Productivity in third quarter 2004
November 05, 2004
Productivity in the nonfarm business sector—as measured by output per hour—grew at a 1.9-percent annual rate during the third quarter of 2004. Output grew 4.1 percent and hours worked rose 2.1 percent (seasonally adjusted annual rates).
Nonfarm business productivity increased 3.9 percent in the second quarter of 2004, as output grew 4.2 percent and hours rose by 0.3 percent.
Hourly compensation increased at a 3.6-percent annual rate in the third quarter of 2004. When the rise in consumer prices is taken into account, real hourly compensation rose 1.7 percent during the July-September period. During the second quarter of 2004, real hourly compensation had risen 0.2 percent.
These data are from the BLS Productivity and Costs program. Data are subject to revision. Additional information is available in "Productivity and Costs, Third Quarter 2004," news release USDL 04-2259.
Bureau of Labor Statistics, U.S. Department of Labor, The Economics Daily, Productivity in third quarter 2004 on the Internet at http://www.bls.gov/opub/ted/2004/nov/wk1/art05.htm (visited September 29, 2016).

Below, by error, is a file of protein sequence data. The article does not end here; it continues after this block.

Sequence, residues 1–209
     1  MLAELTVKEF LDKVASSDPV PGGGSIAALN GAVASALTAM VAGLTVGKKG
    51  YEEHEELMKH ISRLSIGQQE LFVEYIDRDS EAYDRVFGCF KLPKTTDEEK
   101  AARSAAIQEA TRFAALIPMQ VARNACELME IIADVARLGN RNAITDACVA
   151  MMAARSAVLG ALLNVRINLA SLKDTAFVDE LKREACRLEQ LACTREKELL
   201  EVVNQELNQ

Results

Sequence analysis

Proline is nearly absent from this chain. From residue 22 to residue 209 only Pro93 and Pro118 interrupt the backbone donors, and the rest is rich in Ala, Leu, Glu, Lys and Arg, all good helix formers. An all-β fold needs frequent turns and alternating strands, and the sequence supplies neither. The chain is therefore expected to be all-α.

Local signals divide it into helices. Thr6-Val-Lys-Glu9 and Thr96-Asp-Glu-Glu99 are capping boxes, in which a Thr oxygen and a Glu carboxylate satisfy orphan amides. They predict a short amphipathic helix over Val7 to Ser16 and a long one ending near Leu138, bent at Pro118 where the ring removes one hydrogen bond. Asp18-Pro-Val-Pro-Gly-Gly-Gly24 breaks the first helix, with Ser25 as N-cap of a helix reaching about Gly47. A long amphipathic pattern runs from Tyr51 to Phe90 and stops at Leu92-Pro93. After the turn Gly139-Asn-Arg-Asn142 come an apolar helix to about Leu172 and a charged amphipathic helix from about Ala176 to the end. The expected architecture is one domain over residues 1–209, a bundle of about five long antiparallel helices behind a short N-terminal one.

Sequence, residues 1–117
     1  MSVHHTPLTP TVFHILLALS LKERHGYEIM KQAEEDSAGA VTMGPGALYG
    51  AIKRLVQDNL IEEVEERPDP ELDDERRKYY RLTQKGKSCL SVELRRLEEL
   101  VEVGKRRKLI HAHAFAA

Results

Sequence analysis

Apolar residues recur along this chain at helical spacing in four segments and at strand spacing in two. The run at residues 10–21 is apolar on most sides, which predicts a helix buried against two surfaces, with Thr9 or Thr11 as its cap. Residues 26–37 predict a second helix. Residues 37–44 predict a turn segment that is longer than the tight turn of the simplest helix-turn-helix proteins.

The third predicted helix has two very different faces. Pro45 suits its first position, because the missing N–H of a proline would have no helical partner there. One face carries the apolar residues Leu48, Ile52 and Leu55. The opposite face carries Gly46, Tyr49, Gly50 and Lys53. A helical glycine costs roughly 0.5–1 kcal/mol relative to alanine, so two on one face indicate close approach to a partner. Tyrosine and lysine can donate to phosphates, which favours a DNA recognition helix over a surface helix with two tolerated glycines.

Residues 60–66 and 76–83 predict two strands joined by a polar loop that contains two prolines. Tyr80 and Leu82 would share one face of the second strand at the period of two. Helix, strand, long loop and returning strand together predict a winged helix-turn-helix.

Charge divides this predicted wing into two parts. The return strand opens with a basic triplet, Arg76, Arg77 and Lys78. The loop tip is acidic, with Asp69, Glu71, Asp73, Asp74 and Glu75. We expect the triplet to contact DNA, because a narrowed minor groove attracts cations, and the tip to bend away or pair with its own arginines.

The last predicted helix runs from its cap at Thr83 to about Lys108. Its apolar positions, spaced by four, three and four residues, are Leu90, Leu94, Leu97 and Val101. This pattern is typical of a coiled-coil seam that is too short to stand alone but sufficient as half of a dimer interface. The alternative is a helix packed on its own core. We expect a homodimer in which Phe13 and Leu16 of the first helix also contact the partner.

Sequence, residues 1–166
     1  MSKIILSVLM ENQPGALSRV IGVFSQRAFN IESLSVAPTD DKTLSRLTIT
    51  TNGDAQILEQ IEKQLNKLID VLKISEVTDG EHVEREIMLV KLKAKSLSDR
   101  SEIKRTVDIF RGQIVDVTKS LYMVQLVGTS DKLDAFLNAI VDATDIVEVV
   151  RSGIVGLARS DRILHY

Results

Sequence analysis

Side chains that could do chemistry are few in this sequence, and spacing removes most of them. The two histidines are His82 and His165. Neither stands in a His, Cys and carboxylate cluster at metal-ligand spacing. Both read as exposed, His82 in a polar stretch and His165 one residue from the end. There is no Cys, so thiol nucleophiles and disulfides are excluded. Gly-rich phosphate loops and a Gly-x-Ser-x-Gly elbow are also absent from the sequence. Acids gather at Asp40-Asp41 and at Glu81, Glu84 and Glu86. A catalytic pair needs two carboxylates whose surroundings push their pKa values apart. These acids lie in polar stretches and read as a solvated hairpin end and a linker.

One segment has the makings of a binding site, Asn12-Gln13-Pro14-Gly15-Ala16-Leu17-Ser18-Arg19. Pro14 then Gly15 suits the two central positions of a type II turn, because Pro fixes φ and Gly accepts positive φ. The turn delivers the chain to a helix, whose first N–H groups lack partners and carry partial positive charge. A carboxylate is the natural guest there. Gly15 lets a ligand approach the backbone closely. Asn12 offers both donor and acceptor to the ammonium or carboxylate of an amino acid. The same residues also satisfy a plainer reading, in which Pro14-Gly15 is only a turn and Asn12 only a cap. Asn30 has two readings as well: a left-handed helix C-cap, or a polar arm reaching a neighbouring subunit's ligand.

Recent editions of Spotlight on Statistics
A look at healthcare spending, employment, pay, benefits, and prices
As one of the largest U.S. industries, healthcare is steadily growing to meet the needs of an increasing population with an increasing life expectancy. This Spotlight looks at how much people spend on healthcare, current and projected employment in the industry, employer-provided healthcare benefits, healthcare prices, and pay for workers in healthcare occupations.
Employment and Wages in Healthcare Occupations
Healthcare occupations are a significant percentage of U.S. employment. Some of the largest and highest paying occupations are in healthcare. This Spotlight examines employment and wages for healthcare occupations.
Fifty years of looking at changes in peoples lives
Longitudinal surveys help us understand long-term changes, such as how events that happened when a person was in high school affect labor market success as an adult.